Jim Cormier, Atlantic director of the Retail Council of Canada, says consumers can expect to see more Plexiglas booths for cashiers and signage at retail stores in the future. (CBC)

Scientific consensus is that a vaccine for COVID-19 would not be available until sometime next year at the earliest.

But Cormier said some new practices may continue even after COVID-19.

“I think you’re going to see going forward the retail floor space will be changed forever and that there will be more spacing to ensure people can be physically distant,” said Cormier.

“You know the Plexiglas barriers at the cash, those might end up becoming the new norm.”

Residents concerned about extra traffic in Shediac area 

Plenty of New Brunswickers were out and about in the warm weather last weekend, causing an uptick in traffic in the Shediac area.

As part of loosening restrictions last month, the province reopened parks and beaches, including Parlee Beach.

However, the province did not reopen the main road heading into the park, Parlee Beach Road, which connects the beach directly with the twined Route 15.

This led to travellers to take smaller streets in residential areas to get to the beach, which turned into a headache for residents. 

“We were bumper-to-bumper traffic,” said Fred Durette of Pointe-du-Chêne.

After Premier Blaine Higgs banned temporary foreign workers to prevent the spread of COVID-19 in New Brunswick, farmers lost some of their best workers and are struggling to keep up. 4:50

“Nobody could get into Shediac to get their groceries or get their drugs because everybody was coming from Moncton and wherever to go for a little drive.”

Durette said the traffic woes were multiplied because people were also trying to go to the Pointe-du-Chêne wharf, which is still closed.

Durette said residents of the community are upset and feel if the province wanted to reopen the park, it should have also reopened the road.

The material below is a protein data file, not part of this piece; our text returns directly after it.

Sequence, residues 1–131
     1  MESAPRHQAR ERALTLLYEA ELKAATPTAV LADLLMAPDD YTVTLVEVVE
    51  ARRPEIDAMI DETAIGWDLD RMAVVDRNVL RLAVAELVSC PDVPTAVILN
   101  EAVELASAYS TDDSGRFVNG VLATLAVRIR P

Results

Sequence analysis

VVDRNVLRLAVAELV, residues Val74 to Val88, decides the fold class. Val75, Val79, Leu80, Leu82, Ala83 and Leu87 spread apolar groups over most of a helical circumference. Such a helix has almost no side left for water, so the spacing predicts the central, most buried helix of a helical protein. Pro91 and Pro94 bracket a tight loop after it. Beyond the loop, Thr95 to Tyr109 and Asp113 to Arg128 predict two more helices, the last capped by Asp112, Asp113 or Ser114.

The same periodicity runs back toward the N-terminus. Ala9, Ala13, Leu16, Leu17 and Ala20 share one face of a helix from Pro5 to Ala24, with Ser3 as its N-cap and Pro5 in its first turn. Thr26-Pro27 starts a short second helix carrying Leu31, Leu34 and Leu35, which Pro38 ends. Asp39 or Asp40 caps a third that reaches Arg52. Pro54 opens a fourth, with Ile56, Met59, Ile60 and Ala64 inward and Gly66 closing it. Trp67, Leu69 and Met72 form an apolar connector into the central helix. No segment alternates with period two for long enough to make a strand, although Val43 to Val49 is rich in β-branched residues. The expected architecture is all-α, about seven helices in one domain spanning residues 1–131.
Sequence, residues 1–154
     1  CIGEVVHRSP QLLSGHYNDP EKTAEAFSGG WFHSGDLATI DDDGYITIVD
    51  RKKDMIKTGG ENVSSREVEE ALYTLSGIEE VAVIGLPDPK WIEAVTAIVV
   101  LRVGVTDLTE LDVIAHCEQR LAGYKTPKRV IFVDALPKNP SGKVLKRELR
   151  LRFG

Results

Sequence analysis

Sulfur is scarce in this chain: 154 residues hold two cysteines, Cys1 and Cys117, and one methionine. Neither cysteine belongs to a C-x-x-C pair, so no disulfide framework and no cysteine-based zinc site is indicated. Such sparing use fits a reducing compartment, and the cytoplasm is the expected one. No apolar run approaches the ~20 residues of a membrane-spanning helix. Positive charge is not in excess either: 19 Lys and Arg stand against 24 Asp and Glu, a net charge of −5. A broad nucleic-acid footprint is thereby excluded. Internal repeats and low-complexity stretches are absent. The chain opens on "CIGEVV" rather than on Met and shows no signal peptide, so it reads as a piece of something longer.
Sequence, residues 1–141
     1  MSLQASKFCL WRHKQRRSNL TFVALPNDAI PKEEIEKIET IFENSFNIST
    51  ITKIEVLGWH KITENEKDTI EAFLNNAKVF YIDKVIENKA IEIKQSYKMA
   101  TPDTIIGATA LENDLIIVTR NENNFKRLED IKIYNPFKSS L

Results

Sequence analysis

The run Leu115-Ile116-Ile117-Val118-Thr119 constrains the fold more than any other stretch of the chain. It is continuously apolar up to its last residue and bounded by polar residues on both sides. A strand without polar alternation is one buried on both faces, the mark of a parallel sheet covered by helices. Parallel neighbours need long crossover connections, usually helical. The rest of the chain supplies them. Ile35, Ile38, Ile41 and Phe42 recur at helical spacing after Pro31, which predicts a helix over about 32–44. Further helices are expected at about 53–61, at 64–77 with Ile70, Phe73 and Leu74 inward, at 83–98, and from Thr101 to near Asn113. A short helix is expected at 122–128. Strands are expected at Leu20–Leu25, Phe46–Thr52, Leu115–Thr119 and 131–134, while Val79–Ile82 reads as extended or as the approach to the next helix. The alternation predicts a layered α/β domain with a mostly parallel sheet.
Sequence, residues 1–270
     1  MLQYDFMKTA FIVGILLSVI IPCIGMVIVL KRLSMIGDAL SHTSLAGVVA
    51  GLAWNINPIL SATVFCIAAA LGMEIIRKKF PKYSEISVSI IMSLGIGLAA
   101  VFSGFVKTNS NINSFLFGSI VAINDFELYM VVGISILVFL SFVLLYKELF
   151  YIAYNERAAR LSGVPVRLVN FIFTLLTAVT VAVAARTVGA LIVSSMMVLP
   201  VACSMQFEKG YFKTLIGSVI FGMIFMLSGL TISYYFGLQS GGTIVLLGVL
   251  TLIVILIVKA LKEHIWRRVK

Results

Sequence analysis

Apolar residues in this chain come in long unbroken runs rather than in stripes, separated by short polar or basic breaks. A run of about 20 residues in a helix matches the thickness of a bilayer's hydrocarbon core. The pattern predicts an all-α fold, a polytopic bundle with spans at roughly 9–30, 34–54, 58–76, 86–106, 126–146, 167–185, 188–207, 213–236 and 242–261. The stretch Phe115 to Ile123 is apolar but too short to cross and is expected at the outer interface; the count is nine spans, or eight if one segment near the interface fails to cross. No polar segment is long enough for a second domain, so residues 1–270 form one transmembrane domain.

As the province begins to loosen restrictions at provincial parks, more people were visiting Parlee Beach over the weekend. (Paul Hantiuk/CBC)

“People love to come here and we love having people here, but right now this little community — which borders the park and the beach, and borders the road to the wharf, with a road in the middle — is suffering when we’re stifled like that with people.”

Durette said he was also concerned about possible COVID-19 spread, as he witnessed many people not observing physical distancing rules.

“We watch groups of students go to the beach arm-in-arm with beer in their hand, hauling their coolers,” said Durette.

“There are no social distancing at all.”

New case of COVID-19 not surprising, epidemiologist says 

Colin Furness, an epidemiologist based in Toronto, said New Brunswickers shouldn’t be too concerned about a new case popping up, especially after more than two weeks with no new cases.  

He said a pattern of new cases would be more concerning. 

“It would have been surprising if you’d hit absolute flat zero and never come off it. … Some people may be sick mildly for a while before they seek help. So this is not concerning at all.”

He said the rest of the country will be looking at New Brunswick to see what a new normal might look like following the pandemic.

This could include keeping store hours shorter, relying on takeout instead of dining in, and continued restrictions on travel.

Colin Furness, an infection control epidemiologist and assistant professor at the University of Toronto, says it would be surprising if New Brunswick did not see new cases. (University of Toronto)

He also expects to see changes in the design of cubical-based office spaces and closed quarters of factory lines.

One thing he’s also hoping will change is the traditional handshake greeting. 

“Handshaking is a really deep seated human behaviour,” he said. “It’s also a really risky behaviour as we now know.”

The province’s ability to reopen will be based on how effectively it can restrict New Brunswick’s border crossings. Furness even suggested only allowing people to come into the province who have been tested 

“I think you could open up wide right away, because you don’t have community spread.”

What to do if you have symptoms

People concerned they might have COVID-19 can take a self-assessment on the government website.  People with two of those symptoms are asked to:

  • Stay at home.

  • Immediately call Tele-Care 811 or their doctor

  • Describe symptoms and travel history.

  • Follow instructions.